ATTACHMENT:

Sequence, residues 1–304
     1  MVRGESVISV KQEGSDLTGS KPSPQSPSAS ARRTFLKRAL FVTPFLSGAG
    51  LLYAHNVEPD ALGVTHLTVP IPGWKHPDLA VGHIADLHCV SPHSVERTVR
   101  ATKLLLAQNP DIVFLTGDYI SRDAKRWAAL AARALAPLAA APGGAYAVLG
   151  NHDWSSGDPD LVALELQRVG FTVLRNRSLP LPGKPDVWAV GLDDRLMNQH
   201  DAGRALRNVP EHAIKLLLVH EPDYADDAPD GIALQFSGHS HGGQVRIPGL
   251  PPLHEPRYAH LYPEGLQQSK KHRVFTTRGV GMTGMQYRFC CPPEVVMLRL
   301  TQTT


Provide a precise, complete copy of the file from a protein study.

Sequence, residues 1–304
     1  MVRGESVISV KQEGSDLTGS KPSPQSPSAS ARRTFLKRAL FVTPFLSGAG
    51  LLYAHNVEPD ALGVTHLTVP IPGWKHPDLA VGHIADLHCV SPHSVERTVR
   101  ATKLLLAQNP DIVFLTGDYI SRDAKRWAAL AARALAPLAA APGGAYAVLG
   151  NHDWSSGDPD LVALELQRVG FTVLRNRSLP LPGKPDVWAV GLDDRLMNQH
   201  DAGRALRNVP EHAIKLLLVH EPDYADDAPD GIALQFSGHS HGGQVRIPGL
   251  PPLHEPRYAH LYPEGLQQSK KHRVFTTRGV GMTGMQYRFC CPPEVVMLRL
   301  TQTT